When the search party goes down the Amazon and discovers Emmet's abandoned ship, the Magus (another allusion to magic), the stage is set for the truly strange and really paranormal activities to begin, because the boat is a floating television studio with about every angle on board covered with cameras that feed into a central control room.
Thus, everything anyone does is seen through a camera. So when the crew finds a room welded shut we can watch as they begin trying to cut if open because a frantic Tess is sure Emmet must be in there. We know that it's too early to find the lost explorer and anything that's been welded inside a room should be left alone.
The classic horror movie template consists of skeptical characters foolishly ignoring the warnings of those who believe in unseen dark powers and proceeding on to encounters with sinister forces they don't believe in—think your typical Dracula film, for example. In The River, the warnings come from Jahel, the daughter of the ship's captain. Sure enough, she's ignored, and right on schedule, something evil, a flying black cloud, that had been locked inside escapes to look for blood.
This is about the time that Quietly discovers a cache of tapes taken by Emmet Cole that shows just how native the explorer had gone in search for real magic. We see footage of him standing on the river's surface, then in a native village holding fire in his hands and other bizarre clips, so it's plain that these video bread crumbs will lead the search party into a strange and dangerous heart of spiritual darkness.
Indeed, the first three episodes follow the same pattern of establishing where Emmet might be, leading to a search into an eerie location that they are warned to avoid, followed by horrific manifestations of evil forces. Driven by Tess's love and/or guilt, or really great television imagery that will ensure great ratings, the Cole party risks blindness, death and worse both on board their floating haunted house/boat and in the jungles.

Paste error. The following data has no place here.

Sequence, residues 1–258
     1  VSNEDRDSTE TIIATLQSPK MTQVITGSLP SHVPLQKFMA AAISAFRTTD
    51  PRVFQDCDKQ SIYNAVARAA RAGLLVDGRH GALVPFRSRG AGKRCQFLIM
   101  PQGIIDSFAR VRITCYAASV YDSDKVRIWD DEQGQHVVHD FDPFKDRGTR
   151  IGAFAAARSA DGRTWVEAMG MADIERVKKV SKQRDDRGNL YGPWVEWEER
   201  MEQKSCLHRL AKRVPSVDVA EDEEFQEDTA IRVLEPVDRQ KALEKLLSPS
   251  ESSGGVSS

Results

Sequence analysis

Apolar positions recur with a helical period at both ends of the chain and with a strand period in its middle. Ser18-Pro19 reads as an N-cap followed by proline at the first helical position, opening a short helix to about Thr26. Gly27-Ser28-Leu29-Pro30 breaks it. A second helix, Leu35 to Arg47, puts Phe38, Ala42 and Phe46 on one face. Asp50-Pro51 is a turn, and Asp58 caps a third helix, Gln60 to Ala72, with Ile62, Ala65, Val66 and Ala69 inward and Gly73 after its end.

The found footage technique, used ever since The Blair Witch Project to suggest real events, continuing in such films as Cloverfield, allows narratives to create a building sense of dread, and The River has moments of chilling suspense and sudden, "what just happened?" shocks where you have to freeze the frame or replay at slow motion to see if that really was a hand reaching up out of the mud to grab someone's leg. This makes for about as intense a series as is on network television. The production values look expensive and location shooting in Puerto Rico is more immersive than another show that was known for tropical wilderness weirdness, ABC's earlier Lost, which The River resembles in several ways, perhaps too much for some viewers.
The question of course is how long we will keep buying into the show's premise and watch the cast again walk into forbidden realms against all sense. The biggest surprise of the show is that it's only slated for eight episodes this season, an un-heard departure from broadcasting's usual target of a 22-episode season. I can't see how the Coles' search could keep trying to scare us for a full season but I am willing to stick with this mini-season of and then wait to see what happens if it's renewed for another.
*This review first published 2/24/2012
**Watch The River Tuesdays on ABC